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Seismic evidence for the loss of stellar angular momentum before the white-dwarf stage

Abstract

White-dwarf stars represent the final products of the evolution of some 95% of all stars1. If stars were to keep their angular momentum throughout their evolution, their white-dwarf descendants, owing to their compact nature, should all rotate relatively rapidly, with typical periods of the order of a few seconds. Observations of their photospheres show, in contrast, that they rotate much more slowly, with periods ranging from hours to tens of years2,3,4,5. It is not known, however, whether a white dwarf could ‘hide’ some of its original angular momentum below the superficial layers, perhaps spinning much more rapidly inside than at its surface. Here we report a determination of the internal rotation profile of a white dwarf using a method based on asteroseismology. We show that the pulsating white dwarf PG 1159-035 rotates as a solid body (encompassing more than 97.5% of its mass) with the relatively long period of 33.61 ± 0.59 h. This implies that it has lost essentially all of its angular momentum, thus favouring theories which suggest important angular momentum transfer and loss in evolutionary phases before the white-dwarf stage6,7.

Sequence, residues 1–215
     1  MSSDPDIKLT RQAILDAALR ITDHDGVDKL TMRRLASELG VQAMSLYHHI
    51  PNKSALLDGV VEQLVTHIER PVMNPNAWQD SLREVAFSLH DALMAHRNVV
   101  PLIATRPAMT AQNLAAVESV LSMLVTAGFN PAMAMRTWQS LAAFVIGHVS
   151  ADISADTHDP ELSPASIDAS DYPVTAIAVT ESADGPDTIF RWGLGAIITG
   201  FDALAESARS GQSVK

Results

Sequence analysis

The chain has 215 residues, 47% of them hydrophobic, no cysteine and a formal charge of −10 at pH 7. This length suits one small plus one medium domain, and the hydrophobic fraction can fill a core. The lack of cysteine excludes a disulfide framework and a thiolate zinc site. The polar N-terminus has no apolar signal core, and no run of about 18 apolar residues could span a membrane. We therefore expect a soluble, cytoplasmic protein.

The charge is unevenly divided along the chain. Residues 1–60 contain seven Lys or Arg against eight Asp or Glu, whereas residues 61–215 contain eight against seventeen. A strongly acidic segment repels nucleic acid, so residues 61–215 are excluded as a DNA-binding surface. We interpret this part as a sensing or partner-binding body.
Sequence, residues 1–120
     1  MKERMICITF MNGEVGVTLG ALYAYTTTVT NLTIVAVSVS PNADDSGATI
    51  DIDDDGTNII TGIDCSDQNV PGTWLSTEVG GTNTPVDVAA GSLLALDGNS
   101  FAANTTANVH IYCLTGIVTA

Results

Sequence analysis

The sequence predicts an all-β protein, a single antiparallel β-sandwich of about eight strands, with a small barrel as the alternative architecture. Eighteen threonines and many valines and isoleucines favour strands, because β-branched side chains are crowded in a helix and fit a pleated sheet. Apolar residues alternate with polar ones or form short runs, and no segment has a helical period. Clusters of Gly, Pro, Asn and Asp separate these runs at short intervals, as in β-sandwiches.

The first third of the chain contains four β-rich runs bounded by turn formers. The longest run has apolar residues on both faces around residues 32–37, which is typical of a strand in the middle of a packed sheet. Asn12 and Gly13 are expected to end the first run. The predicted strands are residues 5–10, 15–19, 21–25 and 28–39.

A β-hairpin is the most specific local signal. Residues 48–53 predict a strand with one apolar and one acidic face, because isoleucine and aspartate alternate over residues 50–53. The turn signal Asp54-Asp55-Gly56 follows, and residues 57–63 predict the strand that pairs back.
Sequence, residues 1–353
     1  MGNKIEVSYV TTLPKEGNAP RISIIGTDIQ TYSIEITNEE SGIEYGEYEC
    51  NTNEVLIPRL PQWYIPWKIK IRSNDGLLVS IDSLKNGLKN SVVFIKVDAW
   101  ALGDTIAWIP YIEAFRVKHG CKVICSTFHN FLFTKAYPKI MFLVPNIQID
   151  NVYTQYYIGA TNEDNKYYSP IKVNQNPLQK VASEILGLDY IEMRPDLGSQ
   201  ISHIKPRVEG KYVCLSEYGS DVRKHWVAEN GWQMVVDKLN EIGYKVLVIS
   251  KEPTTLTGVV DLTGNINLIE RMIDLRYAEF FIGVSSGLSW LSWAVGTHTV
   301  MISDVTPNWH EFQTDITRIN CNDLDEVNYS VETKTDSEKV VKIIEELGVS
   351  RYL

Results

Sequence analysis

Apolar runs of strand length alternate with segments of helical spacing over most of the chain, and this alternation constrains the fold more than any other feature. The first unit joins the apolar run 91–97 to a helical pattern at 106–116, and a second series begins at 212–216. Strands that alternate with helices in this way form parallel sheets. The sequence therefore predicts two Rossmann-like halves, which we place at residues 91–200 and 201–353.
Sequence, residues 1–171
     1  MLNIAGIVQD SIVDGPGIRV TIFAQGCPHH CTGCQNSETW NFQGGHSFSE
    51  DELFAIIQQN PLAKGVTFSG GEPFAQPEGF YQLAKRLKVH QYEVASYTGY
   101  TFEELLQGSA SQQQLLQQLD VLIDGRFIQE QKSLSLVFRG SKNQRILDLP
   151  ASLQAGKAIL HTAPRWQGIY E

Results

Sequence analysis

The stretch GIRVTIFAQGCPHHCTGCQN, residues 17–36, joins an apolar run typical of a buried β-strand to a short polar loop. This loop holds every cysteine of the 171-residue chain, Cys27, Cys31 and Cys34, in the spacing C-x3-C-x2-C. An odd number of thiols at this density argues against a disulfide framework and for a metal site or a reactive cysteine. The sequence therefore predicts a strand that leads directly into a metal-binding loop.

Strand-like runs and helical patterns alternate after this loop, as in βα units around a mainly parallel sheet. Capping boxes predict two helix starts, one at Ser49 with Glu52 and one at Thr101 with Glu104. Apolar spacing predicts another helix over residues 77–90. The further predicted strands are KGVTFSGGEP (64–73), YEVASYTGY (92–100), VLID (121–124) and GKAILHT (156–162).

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Figure 1: Result of the optimization procedure under the hypothesis that PG 1159-035 rotates as a rigid body.
Figure 2: Observed and calculated rotational splittings in PG 1159-035.
Figure 3: Internal rotation profile of PG 1159-035.

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Acknowledgements

This work was supported in part by the NSERC (Canada) and in part by the FQRNT (Québec). G.F. also acknowledges the contribution of the Canada Research Chair Program.

Author Contributions All three authors have contributed equally to this Letter.

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Correspondence to G. Fontaine.

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Charpinet, S., Fontaine, G. & Brassard, P. Seismic evidence for the loss of stellar angular momentum before the white-dwarf stage. Nature 461, 501–503 (2009). https://doi.org/10.1038/nature08307

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